Christians have never been certain about what to do with Israel. This is certainly the case today. On the one hand, many mainline Protestants treat the nation of Israel as an international pariah. They pass resolutions urging boycotts and international sanctions, all while calling attention to the plight of Palestinians who have allegedly suffered at the hands of an oppressive Israeli state. For the most part, their posture echoes that of the political left.
On the other hand, in some expressions of evangelical folk theology, especially among older generations, Israel can seemingly do no wrong. The Jews are God’s chosen people, God will bless those who align themselves with Israel, and Israel’s enemies are God’s enemies. These supporters often believe that American flourishing depends in part on US foreign policy aligning with Israel’s interests. Their approach tracks closely with that of the political right.
In Israel Matters: Why Christians Must Think Differently about the People and the Land, Anglican evangelical theologian Gerald McDermott cuts through the simplistic platitudes of both the Christian left and right, offering a third way. McDermott is part of a group of scholars who identify with the “New Christian Zionism” movement. Their goal is to convince contemporary believers that Israel is not the backstory of the church, but a key part of the future of the faith. In Israel Matters, McDermott makes a nuanced case for the centrality of Israel in redemptive history—past, present, and future.
The key enemy in McDermott’s crosshairs is supercessionism, the idea that the church has replaced Israel in God’s redemptive purposes. He argues that supercessionism misrepresents Scripture, even though it has been the dominant understanding through much of Christian history. McDermott himself was once committed to a version of supercessionism, though interactions with both Jewish followers of Christ (and even the work of some unbelieving Jewish scholars) led him to reconsider his assumptions. Israel Matters should position McDermott as the leading theological voice calling for a renewed, ecumenical commitment to Christian Zionism.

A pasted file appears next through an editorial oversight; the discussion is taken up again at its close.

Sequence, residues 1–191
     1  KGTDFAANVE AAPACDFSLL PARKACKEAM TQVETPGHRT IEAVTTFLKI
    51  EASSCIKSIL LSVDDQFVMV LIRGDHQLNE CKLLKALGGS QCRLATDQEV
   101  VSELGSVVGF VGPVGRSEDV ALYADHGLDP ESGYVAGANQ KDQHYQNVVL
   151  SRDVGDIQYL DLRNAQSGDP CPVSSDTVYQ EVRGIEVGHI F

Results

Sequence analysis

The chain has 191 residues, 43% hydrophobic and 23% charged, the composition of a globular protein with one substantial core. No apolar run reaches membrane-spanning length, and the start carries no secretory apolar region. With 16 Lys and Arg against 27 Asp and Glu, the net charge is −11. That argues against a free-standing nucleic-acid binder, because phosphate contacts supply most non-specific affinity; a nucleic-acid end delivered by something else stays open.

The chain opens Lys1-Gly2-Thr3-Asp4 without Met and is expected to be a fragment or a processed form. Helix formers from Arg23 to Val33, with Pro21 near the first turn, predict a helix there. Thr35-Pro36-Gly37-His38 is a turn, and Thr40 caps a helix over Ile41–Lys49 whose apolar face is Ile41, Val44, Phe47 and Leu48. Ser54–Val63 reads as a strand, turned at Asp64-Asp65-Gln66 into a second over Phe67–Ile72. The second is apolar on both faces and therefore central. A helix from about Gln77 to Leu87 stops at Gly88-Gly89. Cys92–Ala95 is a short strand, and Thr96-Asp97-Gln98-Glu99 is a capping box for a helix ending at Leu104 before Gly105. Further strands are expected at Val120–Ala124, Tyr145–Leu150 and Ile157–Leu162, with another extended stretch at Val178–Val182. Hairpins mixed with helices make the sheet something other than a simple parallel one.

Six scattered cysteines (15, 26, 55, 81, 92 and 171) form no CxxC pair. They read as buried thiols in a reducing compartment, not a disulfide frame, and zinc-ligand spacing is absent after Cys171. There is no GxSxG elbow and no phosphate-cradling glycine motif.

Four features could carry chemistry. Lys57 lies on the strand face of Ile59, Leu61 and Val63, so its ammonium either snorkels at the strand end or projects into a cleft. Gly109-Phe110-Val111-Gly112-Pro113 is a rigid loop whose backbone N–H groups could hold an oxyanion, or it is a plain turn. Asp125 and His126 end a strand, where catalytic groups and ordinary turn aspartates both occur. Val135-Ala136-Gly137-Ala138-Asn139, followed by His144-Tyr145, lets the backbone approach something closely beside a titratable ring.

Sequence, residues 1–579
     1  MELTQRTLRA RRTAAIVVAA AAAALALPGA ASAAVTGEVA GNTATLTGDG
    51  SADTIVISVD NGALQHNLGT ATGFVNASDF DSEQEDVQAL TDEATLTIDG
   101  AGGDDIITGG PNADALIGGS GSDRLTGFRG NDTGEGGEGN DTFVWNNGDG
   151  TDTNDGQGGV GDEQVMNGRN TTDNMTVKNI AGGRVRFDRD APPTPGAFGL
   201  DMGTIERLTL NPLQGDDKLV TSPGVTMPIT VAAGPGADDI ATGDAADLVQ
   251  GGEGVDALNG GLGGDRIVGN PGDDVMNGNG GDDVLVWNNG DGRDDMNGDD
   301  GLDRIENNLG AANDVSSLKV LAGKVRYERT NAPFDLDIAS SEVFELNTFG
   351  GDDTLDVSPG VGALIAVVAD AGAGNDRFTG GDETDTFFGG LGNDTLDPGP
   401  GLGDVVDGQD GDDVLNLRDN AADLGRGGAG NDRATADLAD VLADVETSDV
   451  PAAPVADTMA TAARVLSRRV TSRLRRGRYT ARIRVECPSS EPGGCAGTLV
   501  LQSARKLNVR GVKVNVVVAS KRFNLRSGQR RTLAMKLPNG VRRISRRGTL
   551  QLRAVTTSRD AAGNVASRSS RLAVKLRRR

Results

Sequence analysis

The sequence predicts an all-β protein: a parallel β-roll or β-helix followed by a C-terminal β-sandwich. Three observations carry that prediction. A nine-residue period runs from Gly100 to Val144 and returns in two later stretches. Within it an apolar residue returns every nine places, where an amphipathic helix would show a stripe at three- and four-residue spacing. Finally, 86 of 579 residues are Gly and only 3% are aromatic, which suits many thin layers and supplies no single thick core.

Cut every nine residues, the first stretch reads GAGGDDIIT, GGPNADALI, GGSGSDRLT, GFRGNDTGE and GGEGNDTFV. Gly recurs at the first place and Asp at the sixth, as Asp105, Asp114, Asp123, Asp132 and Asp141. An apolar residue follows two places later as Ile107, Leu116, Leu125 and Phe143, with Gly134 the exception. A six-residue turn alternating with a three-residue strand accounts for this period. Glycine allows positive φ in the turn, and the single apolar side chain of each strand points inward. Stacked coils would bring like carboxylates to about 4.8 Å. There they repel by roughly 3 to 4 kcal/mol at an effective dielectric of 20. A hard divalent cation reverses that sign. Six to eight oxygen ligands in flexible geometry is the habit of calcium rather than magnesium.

According to McDermott, the Bible never suggests that the church is the “New Israel,” or that God’s covenant promises to Israel have been revoked, or that his promise of land will only be fulfilled figuratively in the future redeemed earth. Jesus and his earliest followers never set aside Israel so they could establish a primarily Gentile religion. Jesus was a faithful Jew, as were most of his earliest disciples, including all of the apostles. Gentile believers have been grafted into Israel by faith, and while the Mosaic covenant has been fulfilled through the death and resurrection of Jesus, the Abrahamic covenant (God’s promise to make a great nation of Abraham’s descendants and bless them with land) continues to endure. Simply put, God is not finished with the Jews, and the future of Gentile Christianity is closely tied to the fulfillment of God’s promises to Israel.
McDermott also demonstrates that certain Christians have always held Zionist beliefs, despite the long history of supercessionism. Furthermore, contrary to the assumption of many contemporary scholars, Christian Zionism predates the dispensationalist movement to which it has often been closely tied since the late-1800s. Even in more recent times, Messianic Jews and dispensationalists have not been the only Christian Zionists. Theologians such as Karl Barth and Gary Anderson have affirmed forms of Christian Zionism, along with many lesser-known thinkers. In addition, non-Zionist biblical scholars such as E. P. Sanders and N. T. Wright have led many Christian thinkers to a fresh appreciation of the Jewishness of Jesus and his earliest followers. In much the same way an earlier generation of revisionist covenant theologians and “progressive dispensationalists” moved closer together in their understanding of the kingdom, contemporary Christians across the theological spectrum are reaching greater consensus on the place of Israel in God’s redemptive purposes.